Jon Porthouse  


Wading Ashore by Jon Porthouse

June 2022 - Wading Ashore

About the Image(s)

Southwest Louisiana has been hit hard by two major hurricanes in the last couple of years, and this coastal forest right on the Gulf of Mexico Shoreline really shows its scars.

The larger live oak trees have lost many of their leaves and smaller branches, leaving them with the appearance (in my mind’s eye) of struggling ashore on a deserted island- the smaller scrub oaks appearing as the surf.

Technical Details: Captured handheld with a Canon Rebel SL3 with EF 50 mm f/1.8 STM. Aperture priority at f/8 and ISO 100 resulted in a shutter speed of 1/640.Lightroom Processing: Convert to black and white. Adjustment of tone and presence. Added global toning.


This round’s discussion is now closed!
8 comments posted




Tom Jenkins   Tom Jenkins
Hi Jon, You have done a good job of showing nature's fury and aftermath. The trees silhouetted against the sky show their skeleton like appearance in an eerie manner. The bushy foreground provides a contrast to the bare trees - maybe less
foreground. I understand your title, but I do not feel it will help the image in competition. Looking forward to seeing more of your "tree" photography.   Posted: 06/08/2022 10:35:50
Jon Porthouse   Jon Porthouse
Good morning, Tom. Thank you for the suggestion of les foreground- I cropped it to a 16:9 and it definitely looks better.

I always struggle with titles and talking about my photography. Like in this case- I took the photo purely for the form of the trees and how it looked like they were wading ashore after a long journey or possibly a ship wreck, but the description of how the trees got to look that way seemed to capture the interest and point to a different story. Definitely something I need to continue to work on and I appreciate any pointers on how others deal with this.   Posted: 06/12/2022 07:21:05



Ally Whiteneck   Ally Whiteneck
Hi! I agree with Jon. I am not going to suggest a title but I would want it to reflect your overall description to us about the destruction from a hurricane and what it has done to its beautiful surroundings.   Posted: 06/11/2022 08:31:11
Jon Porthouse   Jon Porthouse
Good morning, Ally. I think my description of how the trees came to look the way they did implied a slightly different story than I intended. Now that I look at the picture again I do recognize that its's not just about the photo, but the story I choose to tell in describing it and the title that goes along with it. A truly successful image has all three working together for the maximum impact (hopefully all clearly reflecting my intent when I hit the shutter button). I will keep working on this. Thank you for the feedback.   Posted: 06/12/2022 07:24:58
Ally Whiteneck   Ally Whiteneck
Hi Jon, when you reconsider a title, please let us all know what you decide! I watch a PS free tutorial on Tuesdays by Sharon Tenenbaum (https://www.sharontenenbaum.com/talk-learn-zoom-sessions). She talks extensively each week of the value of a good title and I have learned a lot from watching. She is gone this week on a workshop so her next one is the following Tuesday. You do have to sign up in advance.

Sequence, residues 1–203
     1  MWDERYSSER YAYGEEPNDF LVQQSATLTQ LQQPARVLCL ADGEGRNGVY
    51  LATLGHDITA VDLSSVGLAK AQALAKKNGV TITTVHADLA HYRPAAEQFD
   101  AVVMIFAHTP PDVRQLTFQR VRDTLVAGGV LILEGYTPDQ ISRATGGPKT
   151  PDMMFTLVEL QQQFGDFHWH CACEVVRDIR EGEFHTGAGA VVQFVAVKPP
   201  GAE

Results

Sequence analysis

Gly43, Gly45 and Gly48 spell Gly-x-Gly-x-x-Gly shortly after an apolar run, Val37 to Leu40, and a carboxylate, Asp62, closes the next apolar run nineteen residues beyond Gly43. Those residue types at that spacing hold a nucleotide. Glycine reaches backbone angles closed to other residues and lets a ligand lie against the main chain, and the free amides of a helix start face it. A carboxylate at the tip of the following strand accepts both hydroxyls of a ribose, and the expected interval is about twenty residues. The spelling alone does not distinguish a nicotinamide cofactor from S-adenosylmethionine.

I think she would suggest with your title "Wading ashore" that one would need to see a smidgen of the shore in the photo. One thing she taught me is to convey my intent for the photo, what I want to viewers to consider when they see my photo.   Posted: 06/12/2022 08:29:56



Debasish Raha   Debasish Raha
Hi Jon, this is a great documentary photo of the damage caused by hurricanes in your area. The silhouette of the broken branches against the grey sky stood out nicely and conveyed the message clearly. I like what you saw and presented here   Posted: 06/18/2022 13:34:41



Lance Lewin   Lance Lewin
Good day, Jon! Indeed, with the back story the featured work can be part of a series of images documenting the storm and its effect on coastal landscapes. The overall B&W treatment is appealing. Well done!

"Points to Ponder":
Alone, the work is a fine abstract-like composition and I suggest leaving out the details mentioned in your description. Alternatively, you can use a title that only reflects the finished piece: using a title that does not hint on the subjects location, but more about how the viewer may interpret the subject. Watching Ally's suggested video sounds like another good source for ideas.

I suggest, the foreground balances the skeleton of the trees. Perhaps more sky above the subject would also add to helping create interest.   Posted: 06/21/2022 07:27:43



Mike Fernandez
Interesting subject presented. As a documentary image is good.
The details are sharp.
The issue as mentioned above was that too much foreground that do not contribute to the image was shown.
Second is that the trees are cut in the right.
If there was no break in threes, not much you can do.
Adding more sky, not so sure, as there were no clouds.
  Posted: 06/21/2022 19:20:21